No doubt, Walmart was earnest, if misguided, in its attempts to affirm the value of its Black customers with its “Celebration Edition: Juneteenth Ice Cream,” party decorations, T-shirts and other products covered with images of the African continent and the colors — red, black and green — long associated with the Black Liberation Movement in the U.S.
After receiving backlash on social media, where many called out the company for appropriating Black culture, having a white woman model Juneteenth T-shirts and failing to acknowledge Black-owned ice cream brands, the company issued an apology and recalled several items. Of course, what happened wasn’t entirely surprising. Last year, when Juneteenth became a federal holiday many in Black communities predicted that it would turn into another moment for large corporations to make money. But when you look at the packaging of the company’s Juneteenth items, it highlights just how out of touch white-owned corporations continue to be when it comes to the nuances of Black people’s life experiences.
While there have been generations of Black Americans organizing efforts to establish a Juneteenth holiday, Walmart’s products are not what many of us had in mind.
On the surface, Walmart’s ice cream and other items seem an innocuous highlighting of global Blackness or, more specifically, Pan-Africanism, an important and historically popular strain of Black thought that has sought to align the struggles of Black Americans with those throughout the diaspora. Leading Black intellectuals and activists of the early 20th century, like W.E.B Du Bois and Marcus Garvey, promoted Pan-Africanism as part of the Black Liberation Movement in a concerted effort to link the fates of Black folk around the globe.
But Juneteenth is not a Pan-African holiday, and for the record, neither is Kwanzaa, however the latter might signal an intended affinity for West African culture. Juneteenth has long been a meaningful celebration that marks the moment when enslaved Black people in Galveston, Texas, found out they were freed in 1865 — more than two years after President Abraham Lincoln’s emancipation proclamation. Like the practice of “jumping the broom,” a gesture that enslaved Black Americans in the South did to symbolize their marriages, Juneteenth is an example of a Black American tradition that existed well before it was “legitimized” by white American society.
While many in the African American community choose to incorporate the colors red, black and green in their celebrations of the annual holiday, the colors of the Juneteenth flag are red, white and blue on purpose. It is meant to signify the belonging of Black Americans in the fabric of the U.S.
To be sure, while there have been generations of Black Americans organizing efforts to establish a Juneteenth holiday, Walmart’s products are not what many of us had in mind.
The reality is that it is simply easier for white Americans to conflate aspects of the Black community than to do the hard work of specificity.
But in the aftermath of international protests following the police killings of George Floyd and Breonna Taylor in 2020, and calls for companies to be more racially equitable, this year’s federally recognized Juneteenth was low-hanging fruit for companies to flex how racially aware they’ve become. Yet, two years after the deaths of Floyd and Taylor, the momentum to implement meaningful changes has slowed.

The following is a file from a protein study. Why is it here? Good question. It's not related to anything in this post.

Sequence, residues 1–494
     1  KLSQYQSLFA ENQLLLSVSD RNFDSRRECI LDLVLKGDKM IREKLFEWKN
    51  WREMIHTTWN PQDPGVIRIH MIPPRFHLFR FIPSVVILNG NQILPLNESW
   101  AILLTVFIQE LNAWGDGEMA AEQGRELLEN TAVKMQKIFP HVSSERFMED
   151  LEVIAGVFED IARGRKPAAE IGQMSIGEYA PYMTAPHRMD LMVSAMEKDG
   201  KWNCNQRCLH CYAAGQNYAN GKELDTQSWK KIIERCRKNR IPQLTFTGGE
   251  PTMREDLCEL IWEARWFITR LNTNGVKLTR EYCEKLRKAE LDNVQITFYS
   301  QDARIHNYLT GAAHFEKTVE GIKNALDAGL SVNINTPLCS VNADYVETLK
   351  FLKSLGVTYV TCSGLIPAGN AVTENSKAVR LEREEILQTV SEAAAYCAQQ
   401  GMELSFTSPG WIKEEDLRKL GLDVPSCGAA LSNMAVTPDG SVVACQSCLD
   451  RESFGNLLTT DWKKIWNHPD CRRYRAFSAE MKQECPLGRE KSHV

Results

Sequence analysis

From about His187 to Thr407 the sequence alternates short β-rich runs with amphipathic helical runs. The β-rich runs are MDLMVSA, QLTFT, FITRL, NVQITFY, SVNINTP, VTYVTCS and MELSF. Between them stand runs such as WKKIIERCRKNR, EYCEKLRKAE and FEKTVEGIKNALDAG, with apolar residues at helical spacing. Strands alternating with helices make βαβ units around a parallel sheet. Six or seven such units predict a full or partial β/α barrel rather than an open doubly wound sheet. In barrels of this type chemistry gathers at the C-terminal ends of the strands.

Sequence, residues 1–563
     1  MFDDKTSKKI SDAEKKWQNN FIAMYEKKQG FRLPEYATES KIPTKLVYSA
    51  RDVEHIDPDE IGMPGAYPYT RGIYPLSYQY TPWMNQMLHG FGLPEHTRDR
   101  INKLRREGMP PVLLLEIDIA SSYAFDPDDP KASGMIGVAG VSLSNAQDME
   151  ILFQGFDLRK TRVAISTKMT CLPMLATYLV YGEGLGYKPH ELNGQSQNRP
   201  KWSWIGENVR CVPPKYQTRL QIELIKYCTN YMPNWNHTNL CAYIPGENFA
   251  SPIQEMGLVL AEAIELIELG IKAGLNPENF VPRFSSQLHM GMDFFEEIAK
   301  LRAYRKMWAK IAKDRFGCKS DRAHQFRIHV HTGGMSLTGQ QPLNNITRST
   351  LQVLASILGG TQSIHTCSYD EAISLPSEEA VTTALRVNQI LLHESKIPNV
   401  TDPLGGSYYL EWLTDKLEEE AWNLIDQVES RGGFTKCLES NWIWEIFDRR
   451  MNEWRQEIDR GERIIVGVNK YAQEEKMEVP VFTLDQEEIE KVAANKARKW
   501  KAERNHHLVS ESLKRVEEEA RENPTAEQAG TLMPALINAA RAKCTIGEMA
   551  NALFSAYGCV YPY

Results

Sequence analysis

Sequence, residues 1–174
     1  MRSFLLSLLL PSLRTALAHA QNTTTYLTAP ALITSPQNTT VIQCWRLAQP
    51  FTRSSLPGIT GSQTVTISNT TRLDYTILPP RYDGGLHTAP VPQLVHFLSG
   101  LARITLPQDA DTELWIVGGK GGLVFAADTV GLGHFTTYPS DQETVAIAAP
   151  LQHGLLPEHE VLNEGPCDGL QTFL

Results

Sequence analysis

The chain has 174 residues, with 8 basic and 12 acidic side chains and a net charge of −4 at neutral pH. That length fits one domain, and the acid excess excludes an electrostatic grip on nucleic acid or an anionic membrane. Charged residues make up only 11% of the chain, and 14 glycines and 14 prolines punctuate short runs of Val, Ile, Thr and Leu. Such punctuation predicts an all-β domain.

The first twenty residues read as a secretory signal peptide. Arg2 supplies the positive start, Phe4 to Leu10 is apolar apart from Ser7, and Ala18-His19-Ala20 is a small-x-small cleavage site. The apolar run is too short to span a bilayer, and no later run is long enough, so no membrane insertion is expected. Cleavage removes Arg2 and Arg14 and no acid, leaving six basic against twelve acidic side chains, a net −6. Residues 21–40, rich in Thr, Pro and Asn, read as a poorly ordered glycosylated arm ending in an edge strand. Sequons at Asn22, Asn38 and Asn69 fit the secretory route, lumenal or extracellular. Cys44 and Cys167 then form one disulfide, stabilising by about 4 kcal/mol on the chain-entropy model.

Part of what meaningful changes look like is hiring more people of color at the top level. Usually, when a racially insensitive gaffe like Walmart’s happens, one of the first questions to come up is, “Was there not one Black person in the room to say this was a bad idea?” But perhaps a better question is, “How many Black people were in the room when this decision was made?” After all, we are not monolithic. What may seem like a good idea to one of us could be seen as clearly bad to another. But it’s hard to have those types of discussions if you’re the only one or just one of a very few in the decision-making process.
The reality is that it is simply easier for white Americans to conflate aspects of the Black community than to do the hard work of specificity. The whole debacle reminded me of what has become a bit of an inside joke for some Black folk: the number of times that Black celebrities have been mistaken for each other in mainstream media. Innocent as such gaffes may be, the long-held belief that “they all look alike” reveals a worldview in which Black people and Black things are interchangeable.
The anti-Blackness of the 1921 Tulsa Race massacre cannot be easily mapped onto the violence that erupted in Watts in 1965. The 2015 mass killings that occurred at Mother Emanuel in Charleston can’t be easily interchanged with the mass killings that happened in a Buffalo supermarket last week. And certainly the Transatlantic Slave Trade, which violently disrupted the family and cultural life of so many African nations, cannot be reduced to a “celebration” for one segment of that diaspora in the United States. To do so is not only thoughtless and insensitive but is an act of symbolic violence against the experiences of so many people of African descent around the world.